Posted on October 6, 2022

Court Declares DACA Program Illegal

Camilo Montoya-Galvez, CBS News, October 6, 2022

A federal appeals court on Wednesday said the Deferred Action for Childhood Arrivals (DACA) policy violates U.S. immigration law, dealing a blow to an Obama-era program that provides deportation protection and work permits to nearly 600,000 immigrant “Dreamers” who lack legal status.

A three-judge panel for the 5th Circuit Court of Appeals concluded the Obama administration did not have the legal authority to create DACA in 2012, affirming a July 2021 ruling from a federal judge in Texas who barred the Biden administration from enrolling new immigrants in the decade-old program.

Despite its conclusion, the appeals court did not order the Biden administration to shut down DACA completely or stop processing renewal applications, deciding instead to leave in place an order from U.S. Judge Andrew Hanen that left the policy intact for current beneficiaries. The government, however, will continue to be prohibited from approving first-time DACA applications.

The appeals court sent the case back to Hanen, tasking him with reviewing regulations that the Biden administration unveiled in August to address the legal challenges over the Obama administration’s decision to create DACA through a memo, instead of a rule open to public comments. The regulations are currently slated to go into effect on October 31.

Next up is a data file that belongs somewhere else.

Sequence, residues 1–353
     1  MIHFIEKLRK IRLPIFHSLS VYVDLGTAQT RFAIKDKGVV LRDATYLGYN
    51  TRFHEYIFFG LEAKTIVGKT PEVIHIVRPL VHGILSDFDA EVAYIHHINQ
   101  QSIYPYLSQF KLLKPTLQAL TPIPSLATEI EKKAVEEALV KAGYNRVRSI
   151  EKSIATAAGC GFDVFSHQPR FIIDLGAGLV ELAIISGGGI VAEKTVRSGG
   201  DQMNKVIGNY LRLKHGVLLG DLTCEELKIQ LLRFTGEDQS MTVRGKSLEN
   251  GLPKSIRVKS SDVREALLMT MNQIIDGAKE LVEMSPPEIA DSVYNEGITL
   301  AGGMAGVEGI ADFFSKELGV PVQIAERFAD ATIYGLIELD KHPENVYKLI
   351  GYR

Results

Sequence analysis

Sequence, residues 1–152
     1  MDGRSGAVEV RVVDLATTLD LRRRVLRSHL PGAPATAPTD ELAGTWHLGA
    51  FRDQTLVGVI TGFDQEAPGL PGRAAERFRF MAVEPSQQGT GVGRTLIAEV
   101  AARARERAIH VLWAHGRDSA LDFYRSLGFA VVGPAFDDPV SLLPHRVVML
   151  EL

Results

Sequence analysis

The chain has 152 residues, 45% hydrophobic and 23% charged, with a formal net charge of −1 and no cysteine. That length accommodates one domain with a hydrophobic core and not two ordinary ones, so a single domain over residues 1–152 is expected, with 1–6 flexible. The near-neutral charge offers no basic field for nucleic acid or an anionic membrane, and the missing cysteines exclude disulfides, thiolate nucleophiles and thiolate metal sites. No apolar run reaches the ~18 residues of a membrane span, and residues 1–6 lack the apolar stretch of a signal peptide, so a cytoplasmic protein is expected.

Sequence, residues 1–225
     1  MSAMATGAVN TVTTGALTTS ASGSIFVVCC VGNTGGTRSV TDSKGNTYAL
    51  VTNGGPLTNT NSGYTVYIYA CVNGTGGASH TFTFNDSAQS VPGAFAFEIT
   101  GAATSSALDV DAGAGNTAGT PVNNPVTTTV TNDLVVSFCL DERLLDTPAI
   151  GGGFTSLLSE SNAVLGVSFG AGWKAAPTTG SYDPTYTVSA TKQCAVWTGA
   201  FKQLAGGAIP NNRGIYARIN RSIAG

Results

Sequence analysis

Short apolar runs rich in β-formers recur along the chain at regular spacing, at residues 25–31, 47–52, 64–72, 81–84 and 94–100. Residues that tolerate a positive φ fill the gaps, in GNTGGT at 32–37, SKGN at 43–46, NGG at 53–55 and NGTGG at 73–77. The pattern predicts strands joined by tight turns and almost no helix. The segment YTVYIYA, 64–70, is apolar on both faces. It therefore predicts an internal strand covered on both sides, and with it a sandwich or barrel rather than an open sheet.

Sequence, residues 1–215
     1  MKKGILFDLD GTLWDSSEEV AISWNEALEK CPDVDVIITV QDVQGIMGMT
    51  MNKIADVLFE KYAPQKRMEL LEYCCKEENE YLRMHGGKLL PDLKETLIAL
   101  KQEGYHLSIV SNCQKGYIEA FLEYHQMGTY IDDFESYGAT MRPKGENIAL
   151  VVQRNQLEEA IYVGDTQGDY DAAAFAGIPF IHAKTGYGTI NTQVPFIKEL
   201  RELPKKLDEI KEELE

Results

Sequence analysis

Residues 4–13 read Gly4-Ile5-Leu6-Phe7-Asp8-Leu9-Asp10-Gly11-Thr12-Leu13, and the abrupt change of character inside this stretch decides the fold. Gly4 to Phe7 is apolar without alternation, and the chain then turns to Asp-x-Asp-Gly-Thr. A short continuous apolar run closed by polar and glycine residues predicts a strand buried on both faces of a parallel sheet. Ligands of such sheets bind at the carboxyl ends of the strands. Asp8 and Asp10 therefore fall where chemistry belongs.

The Justice Department, which represents the federal government in lawsuits, said it disagreed with the ruling and vowed to “vigorously defend the lawfulness of DACA as this case proceeds.” The Biden administration is likely to file a formal appeal, paving the way for the conservative-leaning high court to issue a final decision on DACA’s legality next year.


In its ruling Wednesday, the three-judge panel concluded that DACA had the same legal defects as another Obama-era program that would have offered deportation protection to the unauthorized immigrant parents of U.S. citizens and green card holders. The program, known as the Deferred Action for Parents of Americans (DAPA), was blocked in court and was never implemented.


As of June 30, 594,120 immigrants who were brought to the U.S. as children were enrolled in DACA, half of whom live in California, Texas and Illinois, according to data published by the U.S. Citizenship and Immigration Services (USCIS), the agency that administers the program.


While DACA allows beneficiaries to live and work in the U.S. legally without fear of deportation, it does not qualify them for permanent legal status or citizenship. {snip}